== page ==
The National Institutes of Health is releasing three new funding opportunity announcements (FOAs) to develop approaches to engage researchers, especially from backgrounds underrepresented in biomedical sciences, and prepare them to thrive in NIH-funded research careers.
The funding through the Enhancing the Diversity of the NIH-Funded Workforce program will establish a national consortium to develop, implement, and evaluate approaches to encourage individuals to start and stay in biomedical research careers.
Students from underrepresented backgrounds enter early biomedical research training in numbers that reflect the general population but are more likely to exit the training pathways. Substantial research has been conducted to determine the reasons for this and to test interventions on small scales. The new FOAs provide the opportunity for transformation of the biomedical research workforce pipeline through institution-wide, and eventually nationwide, implementation of successful training and mentoring strategies.
“There is a compelling need to promote diversity in the biomedical research workforce,” said NIH Director Francis S. Collins M.D., Ph.D. “A lack of diversity jeopardizes our ability to carry out the NIH mission because innovation and problem solving require diverse perspectives. The future of biomedical research rests on engaging highly talented researchers from all groups and preparing them to be successful in the NIH-funded workforce.”
The diversity program is backed by the NIH Common Fund, which supports programs with the potential to dramatically affect biomedical research by achieving a set of high impact goals within a defined time frame. The FOAs will establish a consortium of awardees from three integrated initiatives. Awardees will collectively determine hallmarks of success, including core competencies, at each phase of the biomedical career pathway and develop complementary training and mentoring approaches to enable young scientists to meet these hallmarks. Awardees will also test the efficacy of these approaches, and provide flexibility to adjust approaches during the course of the program to maximize impact. The consortium will disseminate lessons learned, so effective approaches can be adopted by other institutions across the nation.
- The National Research Mentoring Network (NRMN): The NRMN will be a nationwide network of mentors and mentees spanning all disciplines relevant to the NIH mission. The NRMN will address the critical need for increased access to high quality research mentorship and networking opportunities by establishing an interconnected set of skilled mentors linked to mentees across the country. NRMN will also develop best practices for mentoring, provide training opportunities for mentors, and provide professional opportunities for mentees. The goals for mentoring at each career phase will align with the hallmarks of success to be established by the consortium.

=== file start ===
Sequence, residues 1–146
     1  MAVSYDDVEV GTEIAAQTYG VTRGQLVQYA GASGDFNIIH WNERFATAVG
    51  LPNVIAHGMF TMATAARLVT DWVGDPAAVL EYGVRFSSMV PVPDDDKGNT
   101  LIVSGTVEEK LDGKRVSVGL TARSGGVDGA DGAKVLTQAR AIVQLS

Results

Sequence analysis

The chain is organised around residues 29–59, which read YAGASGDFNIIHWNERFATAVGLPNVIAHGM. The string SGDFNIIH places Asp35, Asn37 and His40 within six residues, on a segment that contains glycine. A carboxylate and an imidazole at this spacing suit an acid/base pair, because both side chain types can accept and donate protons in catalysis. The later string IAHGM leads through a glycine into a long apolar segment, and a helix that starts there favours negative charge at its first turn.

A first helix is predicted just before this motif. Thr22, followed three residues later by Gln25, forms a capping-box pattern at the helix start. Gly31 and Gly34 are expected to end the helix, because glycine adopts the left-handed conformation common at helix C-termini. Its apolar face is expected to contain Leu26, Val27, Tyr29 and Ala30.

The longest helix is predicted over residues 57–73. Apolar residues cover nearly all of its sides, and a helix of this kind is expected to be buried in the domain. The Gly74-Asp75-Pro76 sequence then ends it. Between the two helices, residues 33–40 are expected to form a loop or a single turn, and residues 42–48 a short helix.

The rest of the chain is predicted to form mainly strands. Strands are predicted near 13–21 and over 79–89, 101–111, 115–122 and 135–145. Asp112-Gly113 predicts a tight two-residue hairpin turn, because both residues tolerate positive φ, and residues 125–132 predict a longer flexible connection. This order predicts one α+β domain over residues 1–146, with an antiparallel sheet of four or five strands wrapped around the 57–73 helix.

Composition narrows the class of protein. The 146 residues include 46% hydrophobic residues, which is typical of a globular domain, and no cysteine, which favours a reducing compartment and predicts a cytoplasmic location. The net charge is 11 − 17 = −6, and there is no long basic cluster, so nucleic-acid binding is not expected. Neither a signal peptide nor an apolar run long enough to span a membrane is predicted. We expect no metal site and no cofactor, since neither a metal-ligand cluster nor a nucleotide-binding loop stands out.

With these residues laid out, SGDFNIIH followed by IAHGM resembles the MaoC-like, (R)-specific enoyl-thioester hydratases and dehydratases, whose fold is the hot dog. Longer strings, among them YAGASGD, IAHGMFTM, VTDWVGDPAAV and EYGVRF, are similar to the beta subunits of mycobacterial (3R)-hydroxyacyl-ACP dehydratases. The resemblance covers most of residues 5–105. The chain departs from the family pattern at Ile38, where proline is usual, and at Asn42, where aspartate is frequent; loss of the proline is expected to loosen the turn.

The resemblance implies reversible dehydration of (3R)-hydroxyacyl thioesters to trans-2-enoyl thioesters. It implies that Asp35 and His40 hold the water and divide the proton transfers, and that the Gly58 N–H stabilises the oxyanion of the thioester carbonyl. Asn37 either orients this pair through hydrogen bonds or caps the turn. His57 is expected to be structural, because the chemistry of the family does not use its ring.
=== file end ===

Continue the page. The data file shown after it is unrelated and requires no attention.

- Building Infrastructure Leading to Diversity (BUILD): BUILD will provide support for relatively under-resourced institutions with high concentrations of students from disadvantaged backgrounds to implement transformative approaches to the training of students to undertake biomedical and behavioral research. These approaches will emphasize research opportunities for students, along with additional innovative activities, to enable students to achieve the hallmarks of success at each phase. Awardee institutions will be encouraged to partner with research-intensive institutions to expand research opportunities for their students, to foster networking, and to enrich the training experiences available to students at both institutions.
- The Coordination and Evaluation Center (CEC): CEC will coordinate consortium-wide activities and assess efficacy of the training and mentoring approaches developed by the BUILD and NRMN awardees. The CEC will develop both short- and long-term measures of efficacy, allowing the consortium to continuously gather data and respond accordingly. The CEC will also serve as the focal point for dissemination, sharing consortium progress and lessons learned with the broader biomedical research training and mentoring communities.
“Workforce diversity and inclusion are imperative to optimizing the strength of the NIH research enterprise,” said Roderic I. Pettigrew, Ph.D, M.D., theacting NIH chief officer for scientific workforce diversity and director of the National Institute of Biomedical Imaging and Bioengineering. “Indeed, diversity is now well-understood to be fundamental to innovation. These initiatives will strengthen the NIH research enterprise through their efforts to establish more effective ways to engage and train a more diverse and inclusive body of researchers and future scientific leaders.”
It is anticipated that the program will fund up to 10 BUILD primary institutions, one NRMN and one CEC, contingent upon the availability of funds and receipt of a sufficient number of meritorious applications. Applications for the FOAs are due March 18, 2014, with awards to be announced in September 2014. Additional information, including important eligibility criteria for applicant institutions and organizations, can be found in each FOA.
“We look forward to supporting institutions in the development of novel and transformative approaches to student engagement, training, and mentoring,” said James M. Anderson, M.D., Ph.D., director of the Division of Program Coordination, Planning, and Strategic Initiatives, which oversees the NIH Common Fund. “Successful approaches will be widely disseminated, so that institutions beyond those directly supported by the program may adopt and implement the most effective strategies. We anticipate that this dissemination and widespread adoption will have a broad and sustained impact on scientists from all backgrounds.”